Big Printin’ $TLT: Shaken, Not Stirred

by Dan June 9, 2016 3:15 pm • Commentary

On May 20th we laid out out bullish view for U.S. Treasury bonds, expressing it with a Risk Reversal in September expiration (Must Yield to Fedestrians). Here was the trade an rationale:

TLT ($130) Buy the Sept 126 / 133 Risk Reversal for even money
  • Sell to open 1 Sept 126 put at $2.50
  • Buy to open 1 Sept 133 call for $2.50

Rationale:  This trade offers leverage to an upside move that could have happen quickly in the event of broad market / economic turbulence and offers a decent risk reward without committing to owning the etf at current levels.

Detailed on CNBC’s Options Action:

Two weeks later on June 3rd, after the TLT rallied a few bucks from our entry, we de-risked the trade by covering the short put, and reduced the premium at risk by spreading the long call (TLT Bullish Sept Risk Reversal).

Detailed on CNBC’s Options Action:

Not a bad bit of trading as the initial trade structure was executed for no premium outlay and is now worth $2.75, or about 75% of the gains of the etf since.  But at this point we are fairly comfortable with owning an in-the-money call spread and prefer not to be short downside puts as a means to finance calls or call spreads.  The main reason for this view now is that the trade was meant to fade the growing expectations for a June and July rate increase by the Federal Reserve. Fed Fund futures are now pricing a 0% probability of a June raise, and a 22% chance of a July raise. Any surprises in the next few weeks would cause U.S. Treasuries to tumble, which I don’t think will happen.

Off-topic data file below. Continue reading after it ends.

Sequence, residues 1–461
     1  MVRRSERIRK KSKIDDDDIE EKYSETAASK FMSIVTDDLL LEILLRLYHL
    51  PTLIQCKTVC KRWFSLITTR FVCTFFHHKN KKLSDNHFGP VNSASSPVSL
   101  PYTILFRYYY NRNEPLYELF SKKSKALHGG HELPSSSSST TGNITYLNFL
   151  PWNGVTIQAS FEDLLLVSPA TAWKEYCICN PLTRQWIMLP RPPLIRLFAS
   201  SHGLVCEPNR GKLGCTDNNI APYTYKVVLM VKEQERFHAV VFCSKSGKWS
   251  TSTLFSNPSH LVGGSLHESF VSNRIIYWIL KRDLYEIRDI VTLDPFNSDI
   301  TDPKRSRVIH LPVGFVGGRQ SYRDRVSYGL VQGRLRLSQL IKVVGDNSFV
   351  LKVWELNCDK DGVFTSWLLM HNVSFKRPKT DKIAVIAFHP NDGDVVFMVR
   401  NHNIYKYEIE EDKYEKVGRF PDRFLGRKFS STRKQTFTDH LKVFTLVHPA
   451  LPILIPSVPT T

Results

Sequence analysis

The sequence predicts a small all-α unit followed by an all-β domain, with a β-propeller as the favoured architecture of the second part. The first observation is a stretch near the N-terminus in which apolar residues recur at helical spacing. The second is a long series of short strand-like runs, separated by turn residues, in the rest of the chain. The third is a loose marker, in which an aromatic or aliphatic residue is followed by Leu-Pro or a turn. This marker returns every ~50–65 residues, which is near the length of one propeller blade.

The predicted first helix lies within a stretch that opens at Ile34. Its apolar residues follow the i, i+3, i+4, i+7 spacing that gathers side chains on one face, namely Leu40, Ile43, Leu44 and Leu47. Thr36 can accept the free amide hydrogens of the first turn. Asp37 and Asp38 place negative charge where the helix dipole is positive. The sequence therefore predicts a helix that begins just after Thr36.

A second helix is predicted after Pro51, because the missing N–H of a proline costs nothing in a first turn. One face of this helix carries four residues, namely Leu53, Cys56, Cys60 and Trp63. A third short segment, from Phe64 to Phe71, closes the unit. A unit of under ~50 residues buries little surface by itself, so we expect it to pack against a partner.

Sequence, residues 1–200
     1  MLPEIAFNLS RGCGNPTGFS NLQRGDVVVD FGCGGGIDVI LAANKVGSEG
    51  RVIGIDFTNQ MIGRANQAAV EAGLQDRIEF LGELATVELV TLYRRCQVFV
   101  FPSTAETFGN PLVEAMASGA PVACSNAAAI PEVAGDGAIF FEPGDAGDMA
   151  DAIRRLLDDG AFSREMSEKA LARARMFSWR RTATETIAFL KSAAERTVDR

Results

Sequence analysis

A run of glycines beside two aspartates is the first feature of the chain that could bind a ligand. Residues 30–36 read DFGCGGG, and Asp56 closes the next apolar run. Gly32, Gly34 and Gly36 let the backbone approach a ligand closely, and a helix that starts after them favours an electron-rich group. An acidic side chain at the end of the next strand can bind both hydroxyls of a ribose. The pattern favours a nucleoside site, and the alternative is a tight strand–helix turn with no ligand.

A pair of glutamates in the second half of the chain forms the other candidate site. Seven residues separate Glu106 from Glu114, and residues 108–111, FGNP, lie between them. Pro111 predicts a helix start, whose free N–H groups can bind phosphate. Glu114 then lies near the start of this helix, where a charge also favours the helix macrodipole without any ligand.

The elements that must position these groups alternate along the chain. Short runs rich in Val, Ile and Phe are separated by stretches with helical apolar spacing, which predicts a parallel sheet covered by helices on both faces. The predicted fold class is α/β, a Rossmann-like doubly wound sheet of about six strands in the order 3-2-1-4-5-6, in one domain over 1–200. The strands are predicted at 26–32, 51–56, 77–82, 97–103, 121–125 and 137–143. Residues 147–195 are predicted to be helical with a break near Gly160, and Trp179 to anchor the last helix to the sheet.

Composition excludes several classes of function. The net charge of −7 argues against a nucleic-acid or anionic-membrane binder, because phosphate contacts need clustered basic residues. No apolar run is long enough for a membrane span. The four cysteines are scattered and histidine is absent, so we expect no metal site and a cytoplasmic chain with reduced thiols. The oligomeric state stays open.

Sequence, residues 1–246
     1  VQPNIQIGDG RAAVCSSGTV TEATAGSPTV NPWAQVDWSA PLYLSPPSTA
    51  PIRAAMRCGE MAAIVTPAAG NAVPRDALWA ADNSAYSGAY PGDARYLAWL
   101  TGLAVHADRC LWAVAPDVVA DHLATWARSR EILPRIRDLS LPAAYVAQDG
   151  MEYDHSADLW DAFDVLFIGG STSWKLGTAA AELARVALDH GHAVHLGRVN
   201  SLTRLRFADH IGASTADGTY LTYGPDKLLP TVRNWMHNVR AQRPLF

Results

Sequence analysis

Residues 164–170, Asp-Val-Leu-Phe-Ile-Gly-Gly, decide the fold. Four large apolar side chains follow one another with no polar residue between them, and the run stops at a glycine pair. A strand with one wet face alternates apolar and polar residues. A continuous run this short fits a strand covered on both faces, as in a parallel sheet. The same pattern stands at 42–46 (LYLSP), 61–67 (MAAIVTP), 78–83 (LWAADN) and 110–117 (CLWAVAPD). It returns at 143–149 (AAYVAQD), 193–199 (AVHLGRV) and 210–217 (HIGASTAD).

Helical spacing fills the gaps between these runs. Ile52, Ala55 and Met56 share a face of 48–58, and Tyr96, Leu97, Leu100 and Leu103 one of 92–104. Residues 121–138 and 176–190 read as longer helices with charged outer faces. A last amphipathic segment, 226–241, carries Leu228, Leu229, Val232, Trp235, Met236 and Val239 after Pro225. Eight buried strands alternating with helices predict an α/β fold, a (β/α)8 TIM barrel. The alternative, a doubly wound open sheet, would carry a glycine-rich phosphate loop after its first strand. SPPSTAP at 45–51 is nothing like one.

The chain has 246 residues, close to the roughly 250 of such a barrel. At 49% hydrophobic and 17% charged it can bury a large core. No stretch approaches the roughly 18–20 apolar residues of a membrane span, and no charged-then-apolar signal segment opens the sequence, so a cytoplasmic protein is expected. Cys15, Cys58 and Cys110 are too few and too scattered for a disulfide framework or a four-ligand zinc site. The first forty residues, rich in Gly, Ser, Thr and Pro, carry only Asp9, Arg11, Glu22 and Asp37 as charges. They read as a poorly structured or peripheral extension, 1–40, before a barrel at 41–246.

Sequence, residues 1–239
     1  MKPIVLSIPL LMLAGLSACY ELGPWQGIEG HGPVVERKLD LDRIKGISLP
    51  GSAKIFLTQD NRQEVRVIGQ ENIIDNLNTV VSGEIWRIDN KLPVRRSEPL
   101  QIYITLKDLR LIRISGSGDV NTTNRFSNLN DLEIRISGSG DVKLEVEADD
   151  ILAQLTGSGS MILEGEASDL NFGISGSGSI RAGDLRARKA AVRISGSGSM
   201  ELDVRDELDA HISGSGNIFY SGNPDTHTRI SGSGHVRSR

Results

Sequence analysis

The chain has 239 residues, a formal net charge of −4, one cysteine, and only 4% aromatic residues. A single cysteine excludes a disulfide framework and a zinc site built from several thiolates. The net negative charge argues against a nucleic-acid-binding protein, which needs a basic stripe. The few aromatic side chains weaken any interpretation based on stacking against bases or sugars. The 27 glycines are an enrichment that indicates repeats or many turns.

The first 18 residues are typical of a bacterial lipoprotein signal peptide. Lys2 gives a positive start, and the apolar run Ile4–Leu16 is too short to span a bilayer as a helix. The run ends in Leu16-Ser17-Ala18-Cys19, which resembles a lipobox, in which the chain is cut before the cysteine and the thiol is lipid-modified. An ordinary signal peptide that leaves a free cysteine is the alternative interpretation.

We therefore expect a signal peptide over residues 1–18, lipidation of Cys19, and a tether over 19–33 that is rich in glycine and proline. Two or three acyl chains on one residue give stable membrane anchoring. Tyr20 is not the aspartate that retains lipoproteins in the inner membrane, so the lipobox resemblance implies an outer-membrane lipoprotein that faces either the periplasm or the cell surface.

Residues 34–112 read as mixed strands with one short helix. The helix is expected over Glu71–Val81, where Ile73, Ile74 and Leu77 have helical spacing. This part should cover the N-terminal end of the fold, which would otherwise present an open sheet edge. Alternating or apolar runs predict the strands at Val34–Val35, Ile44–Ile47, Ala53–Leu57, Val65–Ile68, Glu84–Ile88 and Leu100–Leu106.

But there was a trade that caught my eye today in the market that was fairly similar to our initial trade. When the TLT was $134.32, less than 1% from its 52 week highs made in early February, a trader sold to open 9,000 December 126 puts at 2.39 to open and used the proceeds to buy 9,000 of the Dec 136 / 146 call spreads for $2.59. This entire trade structure cost 20 cents, or $180,000.  On the upside this trade breaks-even at $136.20, offering a max profit potential of $9.80, or $8.8 million. The worst case scenario on Dec expiration is that the TLT is below $126, down about 6% from the trading level and the trader would have losses one for one with the etf, having been put 900,000 shares of stock.

On a mark to market basis, this trade will have losses as the TLT moves closer to the short put strike, and gains as it moves closer to the long call strike.  What’s nice about this trade is that the call spread allows for profit participation far closer to potential losses on the downside, but the trade-off for this is the cap on gains above $146.